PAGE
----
In addition, because of the central role of RB family members in multiple cellular functions, these experiments in hESCs may provide novel insight into the basic biology of these stem cells, which will eventually allow us to manipulate these cells more efficiently to treat a broad range of human diseases.
Despite significant decreases in the incidence and mortality rates of cancers in California over the past decade, nearly one out of every two Californians born today will still develop cancer at some point in their lives, and it is likely that one in five persons will die of the disease. Overall, in 2007, more than 50,000 people will die of cancer in California. These statistics underscore the need for the development of novel approaches to detect and treat human cancers.
Stem cells hold the promise of treatments and cures for human diseases that affect millions of people. In particular, recent models suggest that cancer may arise from mutant stem cells whose progeny form the bulk of the tumor. Thus, in the future, one anti-cancer strategy may be to replace mutant stem cells in patients with normal stem cells. Another approach may be to repair the defects in these mutant stem cells. However, these approaches will only be possible when the mechanisms controlling the proliferation of these stem cells and their capacity to produce their functional progeny are better understood under normal and pathological conditions.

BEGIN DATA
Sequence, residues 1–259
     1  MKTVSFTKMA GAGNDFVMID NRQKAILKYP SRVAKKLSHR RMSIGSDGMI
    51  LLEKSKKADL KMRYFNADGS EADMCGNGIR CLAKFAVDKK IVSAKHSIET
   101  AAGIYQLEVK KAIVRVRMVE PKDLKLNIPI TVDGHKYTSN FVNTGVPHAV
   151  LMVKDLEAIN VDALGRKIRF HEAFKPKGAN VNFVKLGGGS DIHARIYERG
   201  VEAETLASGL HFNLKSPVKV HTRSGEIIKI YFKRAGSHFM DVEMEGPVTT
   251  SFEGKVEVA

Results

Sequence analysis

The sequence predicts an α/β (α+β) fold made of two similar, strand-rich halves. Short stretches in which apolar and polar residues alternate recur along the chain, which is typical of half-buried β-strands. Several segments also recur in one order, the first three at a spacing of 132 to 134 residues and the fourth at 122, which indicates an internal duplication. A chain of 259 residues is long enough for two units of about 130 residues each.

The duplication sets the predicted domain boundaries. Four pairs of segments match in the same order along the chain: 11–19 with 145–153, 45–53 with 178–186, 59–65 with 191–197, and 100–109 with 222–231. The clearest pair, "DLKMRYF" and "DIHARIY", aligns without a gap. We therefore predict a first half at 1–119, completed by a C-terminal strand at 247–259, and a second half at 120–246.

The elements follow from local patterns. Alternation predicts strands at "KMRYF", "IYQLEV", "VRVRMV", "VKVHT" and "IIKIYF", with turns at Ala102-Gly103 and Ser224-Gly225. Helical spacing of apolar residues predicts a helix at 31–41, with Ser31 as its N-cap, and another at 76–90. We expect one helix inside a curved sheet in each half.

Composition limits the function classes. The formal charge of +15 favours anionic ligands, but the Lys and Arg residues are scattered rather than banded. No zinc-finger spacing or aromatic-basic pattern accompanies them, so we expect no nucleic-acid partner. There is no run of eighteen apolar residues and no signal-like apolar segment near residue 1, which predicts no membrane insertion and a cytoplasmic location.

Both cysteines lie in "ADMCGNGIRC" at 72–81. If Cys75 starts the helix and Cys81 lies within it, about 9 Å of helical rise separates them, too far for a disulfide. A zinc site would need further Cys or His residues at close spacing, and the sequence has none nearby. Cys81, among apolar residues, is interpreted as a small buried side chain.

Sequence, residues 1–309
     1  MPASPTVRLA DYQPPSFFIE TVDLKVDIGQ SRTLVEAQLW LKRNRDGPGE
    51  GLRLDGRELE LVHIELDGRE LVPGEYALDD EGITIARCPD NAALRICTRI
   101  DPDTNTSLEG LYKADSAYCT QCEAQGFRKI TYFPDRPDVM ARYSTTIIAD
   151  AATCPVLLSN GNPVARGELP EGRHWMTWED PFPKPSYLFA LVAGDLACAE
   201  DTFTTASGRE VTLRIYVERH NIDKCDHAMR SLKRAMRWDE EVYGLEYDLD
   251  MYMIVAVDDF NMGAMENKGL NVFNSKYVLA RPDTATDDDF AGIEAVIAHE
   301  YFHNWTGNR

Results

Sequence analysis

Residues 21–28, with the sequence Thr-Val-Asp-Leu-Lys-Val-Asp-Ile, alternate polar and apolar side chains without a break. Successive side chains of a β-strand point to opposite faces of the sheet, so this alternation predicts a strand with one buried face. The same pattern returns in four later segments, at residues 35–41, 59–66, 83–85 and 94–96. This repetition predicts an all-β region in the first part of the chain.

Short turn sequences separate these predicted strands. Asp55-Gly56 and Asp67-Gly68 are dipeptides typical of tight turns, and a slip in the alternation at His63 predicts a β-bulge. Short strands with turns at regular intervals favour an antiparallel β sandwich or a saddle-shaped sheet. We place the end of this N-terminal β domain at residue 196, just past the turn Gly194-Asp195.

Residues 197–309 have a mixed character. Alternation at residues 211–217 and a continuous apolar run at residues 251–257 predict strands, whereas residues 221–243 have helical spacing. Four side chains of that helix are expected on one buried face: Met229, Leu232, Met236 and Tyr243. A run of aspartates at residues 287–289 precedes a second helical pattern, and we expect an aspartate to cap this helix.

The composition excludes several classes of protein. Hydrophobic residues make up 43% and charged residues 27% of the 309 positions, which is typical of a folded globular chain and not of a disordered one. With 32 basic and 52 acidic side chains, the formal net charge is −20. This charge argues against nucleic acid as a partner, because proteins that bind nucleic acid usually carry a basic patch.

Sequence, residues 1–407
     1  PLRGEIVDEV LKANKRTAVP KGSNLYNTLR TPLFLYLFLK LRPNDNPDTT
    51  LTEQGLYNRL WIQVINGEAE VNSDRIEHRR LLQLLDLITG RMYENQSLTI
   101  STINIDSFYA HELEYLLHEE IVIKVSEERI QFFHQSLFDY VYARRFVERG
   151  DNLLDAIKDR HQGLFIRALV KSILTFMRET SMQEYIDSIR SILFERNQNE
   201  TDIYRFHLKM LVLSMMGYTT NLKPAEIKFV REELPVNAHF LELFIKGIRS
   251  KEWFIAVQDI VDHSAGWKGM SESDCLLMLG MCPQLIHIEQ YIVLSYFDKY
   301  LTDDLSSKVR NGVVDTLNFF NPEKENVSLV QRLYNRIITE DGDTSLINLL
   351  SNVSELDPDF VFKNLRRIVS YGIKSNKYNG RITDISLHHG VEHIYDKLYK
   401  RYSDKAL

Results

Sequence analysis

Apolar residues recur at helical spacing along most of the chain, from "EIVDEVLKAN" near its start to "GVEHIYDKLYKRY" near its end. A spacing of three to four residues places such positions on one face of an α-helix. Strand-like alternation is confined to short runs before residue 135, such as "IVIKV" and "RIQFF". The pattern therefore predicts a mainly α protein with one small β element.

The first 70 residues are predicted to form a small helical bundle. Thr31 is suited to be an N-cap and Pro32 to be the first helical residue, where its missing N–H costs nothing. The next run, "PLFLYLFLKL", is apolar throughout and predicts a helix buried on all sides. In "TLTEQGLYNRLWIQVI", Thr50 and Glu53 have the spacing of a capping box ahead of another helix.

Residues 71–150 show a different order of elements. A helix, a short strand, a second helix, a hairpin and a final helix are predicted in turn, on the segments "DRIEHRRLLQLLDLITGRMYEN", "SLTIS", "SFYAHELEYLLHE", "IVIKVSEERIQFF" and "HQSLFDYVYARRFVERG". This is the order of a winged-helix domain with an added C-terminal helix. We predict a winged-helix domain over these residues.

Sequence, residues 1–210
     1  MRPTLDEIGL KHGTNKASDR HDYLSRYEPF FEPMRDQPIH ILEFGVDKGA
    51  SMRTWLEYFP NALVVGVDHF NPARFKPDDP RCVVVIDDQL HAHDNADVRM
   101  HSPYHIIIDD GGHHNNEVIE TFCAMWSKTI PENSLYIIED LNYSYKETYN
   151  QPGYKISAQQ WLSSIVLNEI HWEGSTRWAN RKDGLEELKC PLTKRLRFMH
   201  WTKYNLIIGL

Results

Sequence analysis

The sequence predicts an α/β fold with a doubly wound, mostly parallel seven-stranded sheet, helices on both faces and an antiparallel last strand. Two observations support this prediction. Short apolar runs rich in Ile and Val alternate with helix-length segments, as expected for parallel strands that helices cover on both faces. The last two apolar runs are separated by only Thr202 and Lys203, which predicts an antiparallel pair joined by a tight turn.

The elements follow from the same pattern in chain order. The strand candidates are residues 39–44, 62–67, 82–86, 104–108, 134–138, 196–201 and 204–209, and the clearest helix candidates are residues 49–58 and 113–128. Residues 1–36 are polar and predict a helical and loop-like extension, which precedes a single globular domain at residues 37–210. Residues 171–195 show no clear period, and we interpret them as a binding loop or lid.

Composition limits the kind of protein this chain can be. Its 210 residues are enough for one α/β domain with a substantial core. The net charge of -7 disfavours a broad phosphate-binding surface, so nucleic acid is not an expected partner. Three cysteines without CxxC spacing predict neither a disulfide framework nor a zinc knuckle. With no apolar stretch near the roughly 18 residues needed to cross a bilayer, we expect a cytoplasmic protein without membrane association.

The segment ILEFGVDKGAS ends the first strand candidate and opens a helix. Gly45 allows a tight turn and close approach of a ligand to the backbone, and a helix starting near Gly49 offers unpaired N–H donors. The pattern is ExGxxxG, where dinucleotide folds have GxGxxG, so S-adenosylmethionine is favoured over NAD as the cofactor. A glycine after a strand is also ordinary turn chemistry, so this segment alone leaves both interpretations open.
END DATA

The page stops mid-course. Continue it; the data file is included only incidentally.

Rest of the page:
We propose to study the mode of action of a key cancer gene, the RB gene, in human embryonic stem cells (hESCs). RB is inactivated in a broad range of human tumors, including adult lung, brain, breast, and prostate cancers, as well as pediatric eye and bone tumors. Thus, RB is a major target for the development of therapeutic strategies that may benefit a wide range of cancer patients. However, the mechanisms by which RB mutation triggers cancer are still poorly understood, hampering the development of such anti-cancer strategies.
We believe that by studying RB function in hESCs, we will gain novel insights into both the mechanisms of action of RB and the biology of these stem cells. Exploring the effects of altering RB levels in hESCs will increase our knowledge of RB's mode of action and will eventually provide new ways to treat human cancers. In addition, these experiments may identify novel means of manipulating hESCs to control the fate of these cells when transplanted into patients.